General manager Sean Marks told reporters that Durant is still expected to miss the 2019-20 season:
Ian Begley @IanBegley
Nets GM Sean Marks says Kevin Durant is attacking his rehab aggressively & doing well. He says Durant, as a competitor, would obviously want to play this season. But the Nets are taking a long-term approach with Durant, who will clearly have a significant say in when he returns. https://t.co/rJ1pNK1CdG
Those comments come just three days after Brian Lewis of the New York Post reported that "the feeling within the league is trending toward [Durant] potentially playing this season."
Spencer Dinwiddie also appeared to be optimistic about the possibility of Durant returning this season in that report:
"I know KD is taking the rehab process ultra-serious. He wants to come back as soon as it's appropriate, and healthy and the right decision for him, and then also subsequently that would also be the right decision for us.
"The beautiful part about this is, the man is 7-foot and one of the best shooters of all time. At worst you get Dirk [Nowitzki], and Dirk was a monster. So we're ready for him to come back whenever he wants to and whenever he's ready to do so, and we know that he's going to be a phenomenal major piece of our roster."
It isn't surprising the Nets are prepared to take the cautious approach with Durant. For one, Durant will be 31 when the season begins and nearing the age when players naturally slow down and recover from injuries less quickly. He's also dealt with injuries in the past and has played fewer than 70 games in a season three times (not counting the lockout-shortened 2011-12 season).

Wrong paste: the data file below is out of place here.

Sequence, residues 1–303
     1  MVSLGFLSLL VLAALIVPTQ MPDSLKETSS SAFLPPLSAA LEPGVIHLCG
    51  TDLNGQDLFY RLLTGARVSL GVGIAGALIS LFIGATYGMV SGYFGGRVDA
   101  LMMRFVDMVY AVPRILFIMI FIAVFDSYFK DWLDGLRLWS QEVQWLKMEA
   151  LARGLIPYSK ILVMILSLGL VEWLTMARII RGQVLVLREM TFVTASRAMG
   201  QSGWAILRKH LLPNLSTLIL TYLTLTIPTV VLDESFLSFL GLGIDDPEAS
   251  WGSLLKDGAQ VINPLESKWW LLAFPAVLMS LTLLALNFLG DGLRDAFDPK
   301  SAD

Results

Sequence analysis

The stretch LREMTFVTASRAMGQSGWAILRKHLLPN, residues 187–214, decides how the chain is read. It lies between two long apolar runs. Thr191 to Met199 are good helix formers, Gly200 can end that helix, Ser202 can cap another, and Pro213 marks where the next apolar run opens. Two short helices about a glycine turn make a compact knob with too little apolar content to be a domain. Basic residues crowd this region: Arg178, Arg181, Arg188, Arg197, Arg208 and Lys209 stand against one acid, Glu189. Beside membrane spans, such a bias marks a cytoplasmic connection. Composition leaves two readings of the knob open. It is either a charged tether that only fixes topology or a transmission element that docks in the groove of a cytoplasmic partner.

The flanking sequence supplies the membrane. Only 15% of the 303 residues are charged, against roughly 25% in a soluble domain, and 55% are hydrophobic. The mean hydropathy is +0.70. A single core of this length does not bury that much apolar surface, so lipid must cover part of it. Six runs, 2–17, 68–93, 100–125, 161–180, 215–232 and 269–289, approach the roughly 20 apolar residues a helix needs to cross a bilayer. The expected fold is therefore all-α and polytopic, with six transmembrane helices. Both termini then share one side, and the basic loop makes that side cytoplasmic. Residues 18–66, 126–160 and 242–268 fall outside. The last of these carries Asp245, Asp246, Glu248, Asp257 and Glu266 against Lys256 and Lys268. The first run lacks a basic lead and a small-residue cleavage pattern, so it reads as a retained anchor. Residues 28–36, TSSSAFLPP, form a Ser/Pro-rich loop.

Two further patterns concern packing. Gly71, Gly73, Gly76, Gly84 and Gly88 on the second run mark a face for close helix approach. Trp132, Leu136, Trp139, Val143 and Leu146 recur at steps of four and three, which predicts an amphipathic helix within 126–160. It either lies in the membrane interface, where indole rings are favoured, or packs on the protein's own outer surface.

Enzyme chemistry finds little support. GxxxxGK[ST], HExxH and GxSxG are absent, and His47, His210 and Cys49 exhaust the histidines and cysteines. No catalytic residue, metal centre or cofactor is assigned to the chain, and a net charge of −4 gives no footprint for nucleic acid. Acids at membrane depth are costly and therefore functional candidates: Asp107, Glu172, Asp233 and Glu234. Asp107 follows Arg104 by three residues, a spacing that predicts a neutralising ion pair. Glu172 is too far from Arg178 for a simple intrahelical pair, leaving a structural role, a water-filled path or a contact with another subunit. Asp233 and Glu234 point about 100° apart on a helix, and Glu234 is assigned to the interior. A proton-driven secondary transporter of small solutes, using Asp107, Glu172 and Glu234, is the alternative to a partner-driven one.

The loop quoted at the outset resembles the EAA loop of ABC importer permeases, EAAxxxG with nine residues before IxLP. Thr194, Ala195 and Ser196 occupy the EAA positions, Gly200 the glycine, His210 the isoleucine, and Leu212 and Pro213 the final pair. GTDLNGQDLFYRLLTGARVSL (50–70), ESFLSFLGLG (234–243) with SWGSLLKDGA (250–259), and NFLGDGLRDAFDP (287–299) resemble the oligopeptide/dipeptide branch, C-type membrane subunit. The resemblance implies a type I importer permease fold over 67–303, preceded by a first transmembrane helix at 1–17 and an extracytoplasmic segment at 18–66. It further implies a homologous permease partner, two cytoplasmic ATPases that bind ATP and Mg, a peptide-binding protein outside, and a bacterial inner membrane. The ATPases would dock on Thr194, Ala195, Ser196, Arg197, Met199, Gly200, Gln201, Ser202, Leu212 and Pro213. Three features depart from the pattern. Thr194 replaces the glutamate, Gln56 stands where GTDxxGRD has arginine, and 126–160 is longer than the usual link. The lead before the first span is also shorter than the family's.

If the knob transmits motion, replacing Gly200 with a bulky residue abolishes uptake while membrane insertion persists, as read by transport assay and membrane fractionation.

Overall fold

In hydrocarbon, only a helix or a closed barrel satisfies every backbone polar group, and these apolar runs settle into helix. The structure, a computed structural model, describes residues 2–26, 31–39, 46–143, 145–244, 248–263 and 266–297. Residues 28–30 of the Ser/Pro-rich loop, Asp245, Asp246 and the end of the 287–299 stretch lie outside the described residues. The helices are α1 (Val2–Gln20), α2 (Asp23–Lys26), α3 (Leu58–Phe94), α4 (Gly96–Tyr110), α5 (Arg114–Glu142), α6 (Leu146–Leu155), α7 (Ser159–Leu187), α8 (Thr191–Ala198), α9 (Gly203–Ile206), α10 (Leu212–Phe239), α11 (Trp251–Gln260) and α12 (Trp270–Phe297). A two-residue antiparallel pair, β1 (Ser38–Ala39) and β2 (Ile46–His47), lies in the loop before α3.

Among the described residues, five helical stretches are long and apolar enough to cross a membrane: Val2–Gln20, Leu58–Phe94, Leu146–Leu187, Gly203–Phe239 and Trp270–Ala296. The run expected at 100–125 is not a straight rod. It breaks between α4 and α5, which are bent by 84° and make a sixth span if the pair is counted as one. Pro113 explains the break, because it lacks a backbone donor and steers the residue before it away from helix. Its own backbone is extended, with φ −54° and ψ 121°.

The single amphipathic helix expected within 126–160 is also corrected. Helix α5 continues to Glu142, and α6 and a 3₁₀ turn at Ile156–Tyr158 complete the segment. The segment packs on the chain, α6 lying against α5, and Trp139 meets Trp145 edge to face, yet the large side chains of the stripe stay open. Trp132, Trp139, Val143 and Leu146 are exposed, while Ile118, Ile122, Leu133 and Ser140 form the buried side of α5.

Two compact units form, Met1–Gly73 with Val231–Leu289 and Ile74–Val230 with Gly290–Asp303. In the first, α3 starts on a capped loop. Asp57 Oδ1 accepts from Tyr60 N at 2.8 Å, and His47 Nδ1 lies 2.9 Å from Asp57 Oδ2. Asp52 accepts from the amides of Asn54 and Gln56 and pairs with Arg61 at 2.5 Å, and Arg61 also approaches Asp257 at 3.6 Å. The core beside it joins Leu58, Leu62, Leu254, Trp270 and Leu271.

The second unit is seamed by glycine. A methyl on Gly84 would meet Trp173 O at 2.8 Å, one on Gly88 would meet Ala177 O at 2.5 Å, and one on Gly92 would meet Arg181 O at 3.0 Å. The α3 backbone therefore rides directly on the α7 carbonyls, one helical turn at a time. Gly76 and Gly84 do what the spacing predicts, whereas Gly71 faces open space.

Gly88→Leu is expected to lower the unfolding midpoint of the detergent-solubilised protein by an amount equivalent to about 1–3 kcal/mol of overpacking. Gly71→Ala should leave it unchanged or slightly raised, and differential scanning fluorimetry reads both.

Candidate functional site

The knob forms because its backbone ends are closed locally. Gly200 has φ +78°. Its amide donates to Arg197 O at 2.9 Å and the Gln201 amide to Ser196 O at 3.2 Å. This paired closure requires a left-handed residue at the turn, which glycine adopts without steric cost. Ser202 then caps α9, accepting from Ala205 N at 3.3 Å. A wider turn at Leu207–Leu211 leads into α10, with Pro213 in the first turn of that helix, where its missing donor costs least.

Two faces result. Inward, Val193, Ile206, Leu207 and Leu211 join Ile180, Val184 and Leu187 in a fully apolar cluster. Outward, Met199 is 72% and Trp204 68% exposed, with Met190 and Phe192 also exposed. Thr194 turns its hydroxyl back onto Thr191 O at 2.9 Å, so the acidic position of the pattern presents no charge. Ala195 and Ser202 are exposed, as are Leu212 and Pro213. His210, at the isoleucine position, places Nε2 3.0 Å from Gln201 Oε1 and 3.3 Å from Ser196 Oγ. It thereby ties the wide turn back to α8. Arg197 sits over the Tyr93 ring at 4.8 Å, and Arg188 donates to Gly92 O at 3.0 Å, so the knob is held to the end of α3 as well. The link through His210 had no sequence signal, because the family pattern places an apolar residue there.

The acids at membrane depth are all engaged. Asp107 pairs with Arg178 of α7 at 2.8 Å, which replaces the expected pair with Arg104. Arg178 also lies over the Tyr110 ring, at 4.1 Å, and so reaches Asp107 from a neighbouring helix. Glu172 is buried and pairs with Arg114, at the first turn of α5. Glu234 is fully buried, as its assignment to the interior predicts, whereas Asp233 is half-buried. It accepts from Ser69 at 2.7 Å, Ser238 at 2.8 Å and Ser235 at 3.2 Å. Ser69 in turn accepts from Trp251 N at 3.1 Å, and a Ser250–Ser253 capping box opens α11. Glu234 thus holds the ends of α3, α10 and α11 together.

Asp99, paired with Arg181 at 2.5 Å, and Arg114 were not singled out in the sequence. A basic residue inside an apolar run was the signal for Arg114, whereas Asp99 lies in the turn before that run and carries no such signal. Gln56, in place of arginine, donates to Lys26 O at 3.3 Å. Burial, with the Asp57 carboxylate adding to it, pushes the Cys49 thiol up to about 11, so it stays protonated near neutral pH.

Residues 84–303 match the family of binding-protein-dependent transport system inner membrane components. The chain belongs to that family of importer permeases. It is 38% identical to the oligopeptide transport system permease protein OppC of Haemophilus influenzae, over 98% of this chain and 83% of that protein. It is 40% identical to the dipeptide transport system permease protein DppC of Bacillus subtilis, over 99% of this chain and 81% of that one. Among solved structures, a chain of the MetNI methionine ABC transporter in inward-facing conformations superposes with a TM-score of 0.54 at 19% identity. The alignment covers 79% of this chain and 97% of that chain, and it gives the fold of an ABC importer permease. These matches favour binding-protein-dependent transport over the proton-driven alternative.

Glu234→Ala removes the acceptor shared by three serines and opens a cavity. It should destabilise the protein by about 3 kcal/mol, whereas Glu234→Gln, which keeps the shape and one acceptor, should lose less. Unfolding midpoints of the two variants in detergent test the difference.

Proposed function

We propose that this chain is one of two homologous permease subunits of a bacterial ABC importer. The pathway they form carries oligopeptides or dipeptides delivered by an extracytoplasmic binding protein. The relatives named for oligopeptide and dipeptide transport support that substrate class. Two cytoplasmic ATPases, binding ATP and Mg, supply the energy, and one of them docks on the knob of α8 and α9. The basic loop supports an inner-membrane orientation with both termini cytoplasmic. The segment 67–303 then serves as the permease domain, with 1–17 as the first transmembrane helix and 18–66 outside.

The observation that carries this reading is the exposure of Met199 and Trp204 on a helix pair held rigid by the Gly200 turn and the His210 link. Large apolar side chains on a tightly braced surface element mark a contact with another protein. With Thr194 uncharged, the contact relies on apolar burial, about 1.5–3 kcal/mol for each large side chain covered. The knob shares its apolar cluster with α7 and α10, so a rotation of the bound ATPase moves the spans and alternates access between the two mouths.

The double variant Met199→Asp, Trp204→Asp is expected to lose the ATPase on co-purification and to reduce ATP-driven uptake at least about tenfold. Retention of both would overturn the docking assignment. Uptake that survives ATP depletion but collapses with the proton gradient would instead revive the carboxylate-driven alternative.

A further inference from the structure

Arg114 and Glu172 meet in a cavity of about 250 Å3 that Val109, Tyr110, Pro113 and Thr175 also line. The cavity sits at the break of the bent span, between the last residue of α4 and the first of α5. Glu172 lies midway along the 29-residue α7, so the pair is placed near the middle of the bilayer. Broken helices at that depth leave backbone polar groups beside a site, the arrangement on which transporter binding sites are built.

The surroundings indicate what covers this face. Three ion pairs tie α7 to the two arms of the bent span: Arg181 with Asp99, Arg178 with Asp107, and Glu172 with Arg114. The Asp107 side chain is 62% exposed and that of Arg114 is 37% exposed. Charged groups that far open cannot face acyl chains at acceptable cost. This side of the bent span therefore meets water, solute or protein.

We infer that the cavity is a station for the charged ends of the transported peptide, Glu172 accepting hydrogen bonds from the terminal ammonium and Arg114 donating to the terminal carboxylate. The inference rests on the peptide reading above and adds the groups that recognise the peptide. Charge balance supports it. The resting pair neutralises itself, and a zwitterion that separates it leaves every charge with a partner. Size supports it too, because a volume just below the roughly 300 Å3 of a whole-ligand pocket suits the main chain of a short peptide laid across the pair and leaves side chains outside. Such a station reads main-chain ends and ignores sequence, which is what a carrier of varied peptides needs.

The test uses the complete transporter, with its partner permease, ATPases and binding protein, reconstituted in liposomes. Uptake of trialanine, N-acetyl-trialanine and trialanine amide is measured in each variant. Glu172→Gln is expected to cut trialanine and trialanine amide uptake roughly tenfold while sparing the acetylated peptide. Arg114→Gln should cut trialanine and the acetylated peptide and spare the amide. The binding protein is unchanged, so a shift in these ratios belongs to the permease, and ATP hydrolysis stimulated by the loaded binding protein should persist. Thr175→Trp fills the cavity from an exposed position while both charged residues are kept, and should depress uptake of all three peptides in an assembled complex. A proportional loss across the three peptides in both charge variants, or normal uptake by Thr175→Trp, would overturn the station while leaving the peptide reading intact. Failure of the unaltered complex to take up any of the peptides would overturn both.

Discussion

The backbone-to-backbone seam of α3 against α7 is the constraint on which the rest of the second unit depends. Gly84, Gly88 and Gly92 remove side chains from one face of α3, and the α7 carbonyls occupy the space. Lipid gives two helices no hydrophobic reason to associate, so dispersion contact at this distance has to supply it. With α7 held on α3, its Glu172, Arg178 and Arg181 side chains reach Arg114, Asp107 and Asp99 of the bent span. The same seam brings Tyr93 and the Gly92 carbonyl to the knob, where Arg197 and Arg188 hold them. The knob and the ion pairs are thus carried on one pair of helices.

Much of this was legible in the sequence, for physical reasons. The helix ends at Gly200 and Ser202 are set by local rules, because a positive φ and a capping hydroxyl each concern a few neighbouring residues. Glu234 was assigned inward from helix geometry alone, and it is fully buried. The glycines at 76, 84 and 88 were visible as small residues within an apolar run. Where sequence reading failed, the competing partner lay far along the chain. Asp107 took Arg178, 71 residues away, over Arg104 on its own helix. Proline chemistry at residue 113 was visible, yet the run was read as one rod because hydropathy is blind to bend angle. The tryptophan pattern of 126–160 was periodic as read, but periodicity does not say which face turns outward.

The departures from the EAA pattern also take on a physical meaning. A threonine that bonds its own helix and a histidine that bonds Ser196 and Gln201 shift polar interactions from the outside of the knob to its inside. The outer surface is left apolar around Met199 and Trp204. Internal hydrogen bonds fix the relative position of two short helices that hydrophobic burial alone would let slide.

And an Achilles tear is a tough injury from which to recover. DeMarcus Cousins, for instance, never quite returned to All-Star form in 2018-19 with the Golden State Warriors upon his return from the injury and had his postseason hampered by injuries, much like Durant.
So caution remains a wise approach in Durant's return. The Nets knew that Durant may not play this season when they signed him to a four-year, $164 million contract this summer. It's the next three seasons of that deal the Nets should be most focused on, not the first.
Besides, the Nets were a playoff team without him last season, and Kyrie Irving—at least from a talent perspective—is an upgrade over D'Angelo Russell. The Nets may not be a title contender without Durant, but they'll still make noise behind Irving, Caris LeVert, Jarrett Allen, Dinwiddie and Joe Harris.